I asked a question that their "script" doesn't have an answer for, and they silenced me. Might as well have called me a heretic and burnt me alive to purify their community.

I've tried very hard to refuse the notion that education and religion are mutually exclusive, but the more I learn, the more I am turned off by religion. At this point I don't have to turn away from religion. Religion is turning away from me!

I was raised christian. The fear of God is threaded too tightly within the wravels of my mind. I'd say I was morbidly afraid for my own soul, but this fear goes way beyond mortal fears. I am eternally frightened for the future of my being. i have no support of any kind in this matter. i am alone, and God refuses to send me any aid.

I have only the inqusitive mind that God was so GRACIOUS to give me. I don't know how tostop asking questions, and i am unable to have faith without those questions answered. God infused me with the inability to believe in Him. I hate Him for that. He has cursed me.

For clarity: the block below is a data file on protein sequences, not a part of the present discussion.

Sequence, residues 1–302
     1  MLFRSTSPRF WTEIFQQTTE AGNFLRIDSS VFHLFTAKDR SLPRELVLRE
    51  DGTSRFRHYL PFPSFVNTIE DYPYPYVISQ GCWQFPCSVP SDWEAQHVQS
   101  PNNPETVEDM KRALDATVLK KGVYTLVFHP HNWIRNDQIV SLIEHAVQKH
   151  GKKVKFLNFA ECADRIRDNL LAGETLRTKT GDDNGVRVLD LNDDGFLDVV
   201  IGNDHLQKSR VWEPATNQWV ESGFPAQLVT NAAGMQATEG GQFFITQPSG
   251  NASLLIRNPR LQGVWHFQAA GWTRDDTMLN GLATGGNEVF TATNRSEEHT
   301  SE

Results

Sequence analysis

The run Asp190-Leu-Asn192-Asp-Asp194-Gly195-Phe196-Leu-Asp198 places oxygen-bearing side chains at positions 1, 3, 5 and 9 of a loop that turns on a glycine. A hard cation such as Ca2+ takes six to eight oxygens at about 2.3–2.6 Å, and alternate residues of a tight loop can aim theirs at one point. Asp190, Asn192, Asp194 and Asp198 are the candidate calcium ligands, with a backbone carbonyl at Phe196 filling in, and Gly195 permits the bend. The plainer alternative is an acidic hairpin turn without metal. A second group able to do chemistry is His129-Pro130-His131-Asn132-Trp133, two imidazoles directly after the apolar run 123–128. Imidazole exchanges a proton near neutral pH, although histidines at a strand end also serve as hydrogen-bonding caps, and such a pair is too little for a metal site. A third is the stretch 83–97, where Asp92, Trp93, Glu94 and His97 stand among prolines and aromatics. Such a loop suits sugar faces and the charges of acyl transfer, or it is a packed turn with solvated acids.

My mother believes in predestination. She believes that some people are destined for hell. I'm afraid I'm one of them, and I have absolutely no choice in the matter...

God help me...

oh, wait, He's already decided my fate...

I'd cry if I had tears for crying...

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Guest Bradley

euthyphro